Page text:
When using questionnaires, response structuring and coding is possible. This makes it time-convenient for both the researcher and the respondent. On the same note, issuance of questionnaires can employ representative samples. In other words, the researcher can easily choose research samples during questionnaire issuance. In addition, questionnaires allow respondents time to consider and subsequently answer questions. This improves the quality of provided answers because respondents have enough time to think and reflect about questions. Most importantly, questionnaires offer an inexpensive data collection method suitable for covering large geographical areas (Mitchell & Jolley, 2012).
Amid the above-highlighted advantages, use of questionnaires has a number of shortcomings. The researcher could obtain socially desirable answers to some questions outlined in the questionnaire (Cargan, 2007). In other words, respondents could provide answers that are influenced by social desires. This leads to a scenario where the researcher captures biased responses. Another key disadvantage of questionnaires is that they do not explain reasons behind the provided responses. In addition, response rate is uncertain as far as questionnaires are concerned.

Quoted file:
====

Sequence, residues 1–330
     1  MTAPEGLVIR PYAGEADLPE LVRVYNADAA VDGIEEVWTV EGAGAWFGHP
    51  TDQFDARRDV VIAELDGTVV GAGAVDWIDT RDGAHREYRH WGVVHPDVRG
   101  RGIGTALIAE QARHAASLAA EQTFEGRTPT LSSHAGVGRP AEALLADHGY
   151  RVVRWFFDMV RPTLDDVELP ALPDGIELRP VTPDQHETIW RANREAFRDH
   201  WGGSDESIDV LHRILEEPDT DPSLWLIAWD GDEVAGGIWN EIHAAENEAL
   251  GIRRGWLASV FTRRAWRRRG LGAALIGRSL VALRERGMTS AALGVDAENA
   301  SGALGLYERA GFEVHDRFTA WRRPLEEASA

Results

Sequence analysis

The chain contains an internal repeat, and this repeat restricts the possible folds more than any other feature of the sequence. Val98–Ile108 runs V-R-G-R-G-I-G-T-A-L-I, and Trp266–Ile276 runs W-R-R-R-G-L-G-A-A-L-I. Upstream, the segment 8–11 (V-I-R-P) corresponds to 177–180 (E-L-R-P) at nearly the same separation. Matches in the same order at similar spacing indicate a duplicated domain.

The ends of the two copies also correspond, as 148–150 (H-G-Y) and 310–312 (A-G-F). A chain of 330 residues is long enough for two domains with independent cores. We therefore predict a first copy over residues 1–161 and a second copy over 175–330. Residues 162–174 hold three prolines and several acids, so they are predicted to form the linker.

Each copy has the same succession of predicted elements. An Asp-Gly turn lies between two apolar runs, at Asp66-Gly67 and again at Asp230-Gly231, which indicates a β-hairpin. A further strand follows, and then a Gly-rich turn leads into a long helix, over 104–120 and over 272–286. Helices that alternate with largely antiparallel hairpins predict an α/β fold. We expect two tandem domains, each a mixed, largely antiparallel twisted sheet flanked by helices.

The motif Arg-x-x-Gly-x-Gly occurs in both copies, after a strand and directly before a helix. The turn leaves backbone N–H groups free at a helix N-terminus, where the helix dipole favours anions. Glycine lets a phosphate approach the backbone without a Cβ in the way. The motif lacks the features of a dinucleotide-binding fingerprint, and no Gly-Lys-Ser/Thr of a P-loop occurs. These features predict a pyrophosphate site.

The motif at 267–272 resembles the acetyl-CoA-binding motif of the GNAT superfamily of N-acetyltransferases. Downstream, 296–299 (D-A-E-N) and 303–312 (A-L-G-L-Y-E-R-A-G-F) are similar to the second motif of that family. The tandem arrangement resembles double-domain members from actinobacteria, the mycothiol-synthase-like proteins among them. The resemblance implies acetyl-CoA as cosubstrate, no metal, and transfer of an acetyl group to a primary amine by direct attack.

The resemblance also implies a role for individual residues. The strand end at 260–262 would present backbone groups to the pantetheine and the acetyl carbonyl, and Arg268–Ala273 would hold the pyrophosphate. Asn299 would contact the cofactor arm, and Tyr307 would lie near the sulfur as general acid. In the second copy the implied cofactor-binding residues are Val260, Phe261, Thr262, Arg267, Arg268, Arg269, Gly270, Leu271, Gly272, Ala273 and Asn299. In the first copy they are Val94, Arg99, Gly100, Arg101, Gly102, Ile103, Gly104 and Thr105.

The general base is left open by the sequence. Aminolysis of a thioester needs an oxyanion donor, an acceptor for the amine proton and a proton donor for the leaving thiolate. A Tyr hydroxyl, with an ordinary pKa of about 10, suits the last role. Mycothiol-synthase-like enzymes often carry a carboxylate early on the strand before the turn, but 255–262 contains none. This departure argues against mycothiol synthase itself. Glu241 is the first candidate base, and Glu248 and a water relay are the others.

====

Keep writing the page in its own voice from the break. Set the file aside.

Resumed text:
A semi-structured practice in research encompasses the identification of the major themes that best address the study topic. In the context of semi-structured questionnaires, the researcher identifies the main aspects of data collection that best defines the interests of the research. What follows is the actual data collection, where the respondents face no restriction in regards to their answers. Contrary to questionnaires, a semi-structured approach to data collection allows respondents the independence to explore issues that are not necessarily part of what is provided to them.
A semi-structure is advantageous because it allows respondents to express their experiences. The absence of